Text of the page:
Interest in feature selection and extraction is being driven by: 1) the availability of new high-spectral resolution imaging sensors; 2) multi-sensor fusion (concatenating data from multiple sensors); 3) integration of data from multiple data models (sensor data is modeled using different approaches with the model parameters from multiple models being used as features); 4) the need for low dimensional (two or three dimensions) data representations to aid in visual exploration of data; and 5) data mining [A. K. Jain, R. W. Duin, and J. Mao, “Statistical Pattern Recognition: A Review”, IEEE transactions on Pattern Analysis and Machine Intelligence, vol. 22, no. 1, pp. 14, January 2000].
In order to avoid the difficulties associated with too many features, preprocessing of the data using linear combinations of features to reduce dimensionality is highly desirable.
Most of the literature on feature extraction is restricted to pattern recognition applications where training samples are available which completely characterize all of the classes (objects) to be recognized in a data set. Using these training samples, optimal sets of features can be extracted which provide minimum error in classifying a data set.
However, in the real world, there are many applications where a priori knowledge, through training samples or otherwise, is only available for a single class, the classes-of-interest. The distribution of the other class may be 1) unknown, 2) may have changed, 3) may be inaccurate due to insufficient numbers of samples used to estimate the distribution of the other classes, or 4) the cost of obtaining labeling samples, for purposes of defining all the classes in a given dataset, by collecting ground truth or otherwise, may be very expensive or impossible to obtain. Often one is only interested in one class or a small number of classes.
This invention relates generally to systems and methods for extracting optimal features for discriminating between two classes, a class-of-interest and a class-other, when training samples or otherwise, are provided a priori only for the class-of-interest thus eliminating the requirement for any a priori knowledge of all of the other classes in a data set while exploiting the potentially robust and powerful discriminating capability provided by fully supervised feature extraction approaches. Adaptive Bayes Feature extraction is accomplished by exploiting the ability of the adaptive Bayes classifier to define optimal decision boundaries using only labeled samples from the class-of-interest and unlabeled samples from the data to be classified. Optimal features are derived from vectors which are normal to the decision boundary defined by the adaptive Bayes classifier.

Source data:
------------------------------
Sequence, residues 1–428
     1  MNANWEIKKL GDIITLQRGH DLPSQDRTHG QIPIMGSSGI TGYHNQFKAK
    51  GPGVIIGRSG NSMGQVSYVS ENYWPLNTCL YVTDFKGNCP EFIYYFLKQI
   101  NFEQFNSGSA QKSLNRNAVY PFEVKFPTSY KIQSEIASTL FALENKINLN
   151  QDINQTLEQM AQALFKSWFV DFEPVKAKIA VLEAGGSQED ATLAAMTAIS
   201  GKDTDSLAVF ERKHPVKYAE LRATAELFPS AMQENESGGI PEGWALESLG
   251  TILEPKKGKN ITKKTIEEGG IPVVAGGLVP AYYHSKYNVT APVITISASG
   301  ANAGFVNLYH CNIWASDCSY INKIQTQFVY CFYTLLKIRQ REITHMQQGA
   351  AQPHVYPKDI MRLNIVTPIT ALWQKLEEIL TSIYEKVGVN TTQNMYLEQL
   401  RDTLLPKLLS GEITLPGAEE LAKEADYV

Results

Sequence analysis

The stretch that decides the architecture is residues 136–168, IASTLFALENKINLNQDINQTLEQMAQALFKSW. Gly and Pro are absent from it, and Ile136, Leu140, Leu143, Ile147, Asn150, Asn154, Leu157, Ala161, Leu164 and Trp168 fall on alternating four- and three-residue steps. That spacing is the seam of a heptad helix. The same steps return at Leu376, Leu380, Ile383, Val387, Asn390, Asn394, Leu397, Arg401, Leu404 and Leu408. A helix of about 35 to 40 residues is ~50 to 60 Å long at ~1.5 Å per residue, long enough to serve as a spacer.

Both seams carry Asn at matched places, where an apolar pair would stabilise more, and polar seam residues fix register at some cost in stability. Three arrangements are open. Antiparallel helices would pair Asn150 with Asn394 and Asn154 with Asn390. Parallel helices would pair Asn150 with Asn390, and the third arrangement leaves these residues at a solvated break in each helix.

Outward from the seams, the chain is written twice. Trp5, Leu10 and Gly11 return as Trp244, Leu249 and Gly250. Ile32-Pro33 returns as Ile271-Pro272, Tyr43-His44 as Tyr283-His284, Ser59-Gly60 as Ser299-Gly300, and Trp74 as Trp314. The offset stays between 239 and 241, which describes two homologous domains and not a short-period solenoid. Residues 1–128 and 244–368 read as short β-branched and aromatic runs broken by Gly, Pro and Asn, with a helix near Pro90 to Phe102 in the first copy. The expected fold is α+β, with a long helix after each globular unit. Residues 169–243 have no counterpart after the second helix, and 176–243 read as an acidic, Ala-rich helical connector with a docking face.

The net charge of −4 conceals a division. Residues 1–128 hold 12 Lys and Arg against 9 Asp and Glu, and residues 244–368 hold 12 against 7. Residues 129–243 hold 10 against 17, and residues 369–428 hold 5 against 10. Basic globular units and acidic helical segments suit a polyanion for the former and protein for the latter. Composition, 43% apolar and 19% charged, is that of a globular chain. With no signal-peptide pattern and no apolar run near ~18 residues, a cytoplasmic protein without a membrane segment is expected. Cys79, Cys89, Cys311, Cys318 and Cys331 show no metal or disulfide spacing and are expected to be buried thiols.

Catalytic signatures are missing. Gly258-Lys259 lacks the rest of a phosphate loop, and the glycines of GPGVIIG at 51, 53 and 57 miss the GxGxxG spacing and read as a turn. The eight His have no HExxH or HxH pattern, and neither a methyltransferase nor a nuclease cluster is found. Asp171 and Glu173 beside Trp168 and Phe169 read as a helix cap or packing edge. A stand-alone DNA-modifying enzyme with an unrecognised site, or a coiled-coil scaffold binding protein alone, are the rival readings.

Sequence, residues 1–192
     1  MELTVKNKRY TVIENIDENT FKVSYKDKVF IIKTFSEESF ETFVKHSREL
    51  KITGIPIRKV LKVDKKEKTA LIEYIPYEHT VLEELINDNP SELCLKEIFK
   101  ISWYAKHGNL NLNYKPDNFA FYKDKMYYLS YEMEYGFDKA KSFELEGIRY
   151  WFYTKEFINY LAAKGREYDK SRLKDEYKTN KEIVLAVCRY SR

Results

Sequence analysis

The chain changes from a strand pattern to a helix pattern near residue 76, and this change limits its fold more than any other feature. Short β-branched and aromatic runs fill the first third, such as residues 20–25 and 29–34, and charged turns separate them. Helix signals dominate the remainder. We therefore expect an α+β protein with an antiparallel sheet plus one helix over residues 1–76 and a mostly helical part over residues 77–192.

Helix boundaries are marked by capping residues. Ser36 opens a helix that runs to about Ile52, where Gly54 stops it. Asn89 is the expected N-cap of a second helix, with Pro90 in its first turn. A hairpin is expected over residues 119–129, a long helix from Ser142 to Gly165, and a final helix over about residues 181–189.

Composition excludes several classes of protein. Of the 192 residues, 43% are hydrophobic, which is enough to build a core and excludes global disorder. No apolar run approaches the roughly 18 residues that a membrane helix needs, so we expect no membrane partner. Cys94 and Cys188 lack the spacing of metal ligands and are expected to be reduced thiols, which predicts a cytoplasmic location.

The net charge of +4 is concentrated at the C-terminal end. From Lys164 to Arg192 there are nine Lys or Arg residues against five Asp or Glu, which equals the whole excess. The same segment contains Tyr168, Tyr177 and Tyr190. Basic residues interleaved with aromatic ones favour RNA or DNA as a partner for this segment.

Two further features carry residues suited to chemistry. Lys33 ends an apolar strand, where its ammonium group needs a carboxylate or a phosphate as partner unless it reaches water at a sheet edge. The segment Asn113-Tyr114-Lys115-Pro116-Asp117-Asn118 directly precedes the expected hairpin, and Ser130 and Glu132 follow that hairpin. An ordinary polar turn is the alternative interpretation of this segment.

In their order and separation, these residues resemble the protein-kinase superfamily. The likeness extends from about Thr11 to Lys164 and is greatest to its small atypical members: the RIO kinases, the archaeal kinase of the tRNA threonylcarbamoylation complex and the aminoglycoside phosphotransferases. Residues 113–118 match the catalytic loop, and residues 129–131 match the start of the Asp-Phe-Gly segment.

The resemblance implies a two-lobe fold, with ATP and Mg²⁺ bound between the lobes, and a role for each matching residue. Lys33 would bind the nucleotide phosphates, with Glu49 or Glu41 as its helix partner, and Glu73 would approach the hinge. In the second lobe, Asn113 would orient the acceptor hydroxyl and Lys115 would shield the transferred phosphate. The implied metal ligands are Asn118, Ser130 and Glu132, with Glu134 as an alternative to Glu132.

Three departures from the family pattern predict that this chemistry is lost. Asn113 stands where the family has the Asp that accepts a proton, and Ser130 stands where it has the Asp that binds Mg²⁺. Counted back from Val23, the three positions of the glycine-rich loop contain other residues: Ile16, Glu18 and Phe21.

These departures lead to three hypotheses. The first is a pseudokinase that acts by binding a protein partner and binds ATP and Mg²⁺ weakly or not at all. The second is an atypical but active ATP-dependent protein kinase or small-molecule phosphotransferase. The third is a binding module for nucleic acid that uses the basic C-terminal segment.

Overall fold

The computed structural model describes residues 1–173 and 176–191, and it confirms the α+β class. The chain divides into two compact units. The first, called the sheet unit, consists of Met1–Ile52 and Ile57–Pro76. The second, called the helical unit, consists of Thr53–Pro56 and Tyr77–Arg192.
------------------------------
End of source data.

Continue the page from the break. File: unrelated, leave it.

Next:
The Adaptive Bayesian Approach to Pattern Recognition
Bayes decision theory is a fundamental approach to the problem of pattern recognition. The approach is based on the assumption that the decision problem can be poised in probabilistic terms where all of the relevant probability values are known. Specifically, the application of a standard Bayesian statistical supervised classifier usually requires estimating, the posterior probabilities of each class [R. O. Duda and P. E. Hart, Pattern classification and Scene Analysis, New York: John Wiley & Sons, 1973, pp. 10-31]. If information about probability distributions of classes is available, the posterior probability is calculated for every measurement and each measurement is attributed to the class with the maximum posterior probability.
The decision making process for using Bayes pattern recognition to classify data into two known classes can be summarized as follows: Given a set of measurement vectors, it desired is to associate the measurements with either the classes-of-interest or a class-other with minimum probability error. The set of measurements, X, can conveniently be represented as a vector in the measurement space. This vector will be called the measurement vector or simply a sample or a pattern and will be denoted as X=(x_{1}, x_{2}, . . . x_{d})^{T }where d is the number of measurements or the dimensionality of the measurement space.